Void Agreements

By | August 16, 2019
Void Agreements

The effect of terming any contracts as void contracts is that it would mean the contract never existed in the first place and either party doesn’t have to perform any obligations related to that contract.

Introduction

As we know, contractual agreements are entered into for the fulfilments of certain obligations are of interest to both the parties. And to give effect to the same, Indian Contract Act was drafted so that various forms of contract can be given legal recognition so that in the event of any breach the parties can seek a remedy in the court.

Now, with the passage of time, certain contracts are regarded as immoral and against public policy because of which they are regarded as a void contract. Contracts like agreement restraining someone from trading or restraining someone from getting into marriage. So contracts like this have the objective of restraining human rights which as been given the stature of fundamental rights in the constitution because of which they are regarded as void contracts.

The effect of terming any contracts as void contracts is that it would mean the contract never existed in the first place and either party doesn’t have to perform any obligations related to that contract. Now, Indian Contract Act has specified certain types of contracts as void contracts from section 24 to 30 & sec 56which this article shall be discussing in a detailed manner.

Following are the list of void agreements:-

  1. Agreements which have unlawful consideration and/or objectives in whole or in part [Sec 24]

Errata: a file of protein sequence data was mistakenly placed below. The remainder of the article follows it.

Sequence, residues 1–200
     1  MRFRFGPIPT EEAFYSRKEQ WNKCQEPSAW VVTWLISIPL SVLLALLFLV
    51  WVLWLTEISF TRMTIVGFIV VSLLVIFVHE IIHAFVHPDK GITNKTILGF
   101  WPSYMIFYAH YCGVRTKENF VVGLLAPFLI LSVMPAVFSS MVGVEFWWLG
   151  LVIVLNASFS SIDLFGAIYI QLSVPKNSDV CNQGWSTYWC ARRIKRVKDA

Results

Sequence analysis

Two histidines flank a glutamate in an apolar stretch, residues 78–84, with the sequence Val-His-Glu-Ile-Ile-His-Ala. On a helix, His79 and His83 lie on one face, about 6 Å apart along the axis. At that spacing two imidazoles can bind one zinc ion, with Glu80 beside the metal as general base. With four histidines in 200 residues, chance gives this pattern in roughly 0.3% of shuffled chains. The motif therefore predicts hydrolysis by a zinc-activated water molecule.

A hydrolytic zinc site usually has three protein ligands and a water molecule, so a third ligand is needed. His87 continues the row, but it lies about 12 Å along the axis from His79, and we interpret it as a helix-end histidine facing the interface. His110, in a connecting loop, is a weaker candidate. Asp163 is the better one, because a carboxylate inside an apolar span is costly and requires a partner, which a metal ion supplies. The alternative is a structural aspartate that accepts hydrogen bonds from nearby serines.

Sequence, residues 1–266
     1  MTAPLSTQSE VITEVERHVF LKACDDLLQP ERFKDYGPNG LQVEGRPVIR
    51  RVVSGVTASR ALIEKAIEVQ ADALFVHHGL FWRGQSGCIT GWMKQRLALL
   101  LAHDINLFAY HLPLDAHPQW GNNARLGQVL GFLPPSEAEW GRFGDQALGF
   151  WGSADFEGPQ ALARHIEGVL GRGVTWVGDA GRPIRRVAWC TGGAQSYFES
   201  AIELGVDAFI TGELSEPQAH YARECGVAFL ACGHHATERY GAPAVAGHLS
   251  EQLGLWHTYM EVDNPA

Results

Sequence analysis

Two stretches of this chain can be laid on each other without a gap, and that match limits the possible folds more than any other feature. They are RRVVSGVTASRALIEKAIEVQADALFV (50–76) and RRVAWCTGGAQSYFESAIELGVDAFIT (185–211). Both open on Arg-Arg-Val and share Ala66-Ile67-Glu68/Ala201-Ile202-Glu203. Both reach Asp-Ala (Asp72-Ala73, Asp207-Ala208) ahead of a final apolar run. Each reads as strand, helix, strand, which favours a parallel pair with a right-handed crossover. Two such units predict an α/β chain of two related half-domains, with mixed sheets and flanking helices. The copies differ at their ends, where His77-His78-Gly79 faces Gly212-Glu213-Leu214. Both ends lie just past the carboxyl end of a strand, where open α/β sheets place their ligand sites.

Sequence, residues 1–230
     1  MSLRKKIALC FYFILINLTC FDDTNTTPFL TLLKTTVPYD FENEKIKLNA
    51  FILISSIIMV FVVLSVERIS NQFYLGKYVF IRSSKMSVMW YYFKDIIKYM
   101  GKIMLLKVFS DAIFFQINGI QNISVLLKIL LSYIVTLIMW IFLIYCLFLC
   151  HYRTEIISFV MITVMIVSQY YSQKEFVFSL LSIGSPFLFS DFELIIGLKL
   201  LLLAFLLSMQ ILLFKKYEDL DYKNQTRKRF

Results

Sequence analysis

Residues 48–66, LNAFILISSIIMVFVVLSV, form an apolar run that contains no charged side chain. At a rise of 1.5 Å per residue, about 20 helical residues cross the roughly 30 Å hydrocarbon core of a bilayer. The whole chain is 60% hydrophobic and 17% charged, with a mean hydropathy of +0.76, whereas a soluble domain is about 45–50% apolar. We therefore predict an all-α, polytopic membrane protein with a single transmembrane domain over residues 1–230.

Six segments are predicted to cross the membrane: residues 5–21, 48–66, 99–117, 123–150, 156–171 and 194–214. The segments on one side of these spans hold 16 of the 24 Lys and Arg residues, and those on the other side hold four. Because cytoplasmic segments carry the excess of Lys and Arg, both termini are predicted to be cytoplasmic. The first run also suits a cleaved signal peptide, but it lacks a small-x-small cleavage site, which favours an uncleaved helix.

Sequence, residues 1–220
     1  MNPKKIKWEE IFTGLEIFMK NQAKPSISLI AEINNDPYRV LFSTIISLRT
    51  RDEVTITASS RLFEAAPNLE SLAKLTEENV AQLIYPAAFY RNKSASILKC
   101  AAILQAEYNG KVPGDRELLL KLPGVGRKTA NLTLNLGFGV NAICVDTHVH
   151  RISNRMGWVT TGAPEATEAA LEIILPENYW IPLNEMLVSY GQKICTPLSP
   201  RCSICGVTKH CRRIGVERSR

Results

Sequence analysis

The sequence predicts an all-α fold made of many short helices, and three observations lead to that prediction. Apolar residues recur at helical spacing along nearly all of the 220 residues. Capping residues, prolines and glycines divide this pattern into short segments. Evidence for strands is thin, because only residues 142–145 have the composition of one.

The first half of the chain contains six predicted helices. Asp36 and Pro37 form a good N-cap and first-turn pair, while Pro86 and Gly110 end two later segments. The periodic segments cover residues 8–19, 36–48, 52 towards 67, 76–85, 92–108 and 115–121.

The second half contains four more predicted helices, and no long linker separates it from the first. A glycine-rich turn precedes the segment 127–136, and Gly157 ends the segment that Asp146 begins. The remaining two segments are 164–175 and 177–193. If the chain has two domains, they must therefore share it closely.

2. Agreement without consideration [Sec 25]
  3. Agreement which is in restraint of marriage [Sec 26]
  4. Agreement which is in restraint of trade [Sec 27]
  5. Agreement which in restraint of legal proceeding [Sec 28]
  6. The unmeaning agreement [Sec 29]
  7. Agreements which are wagering in nature [Sec 30]
  8. Agreement to do impossible act [Sec 56]

1. Section 24 of the Act

This section states that if the consideration or the objective of the contract in whole or in part is unlawful then the agreement shall be considered as void agreement. The working philosophy behind this section is that if the unlawful clause can be severed out from the contract, then the whole contract is not regarded as void but only the unlawful part shall be regarded as void and the rest of contract is deemed as valid, but if the unlawful clause cannot be separated from the legal part then the whole contract shall be deemed as illegal.[1]

Like if A promise to B to pay Rs 5000 in return of having an adulterous relationship with him and also working as a maid in his house. So in this case, the unlawful part-having adultery relationship with A shall be considered a void agreement and since it can be severed from the rest of the contract of working as a maid, so the rest of the contract shall be deemed as a valid one.

Moreover, if transaction which arises out of an unlawful act is such that if they are separated from the illegal part, then they would constitute a valid agreement, then those transactions remain valid and shall be enforceable notwithstanding the illegality of the agreement.[2]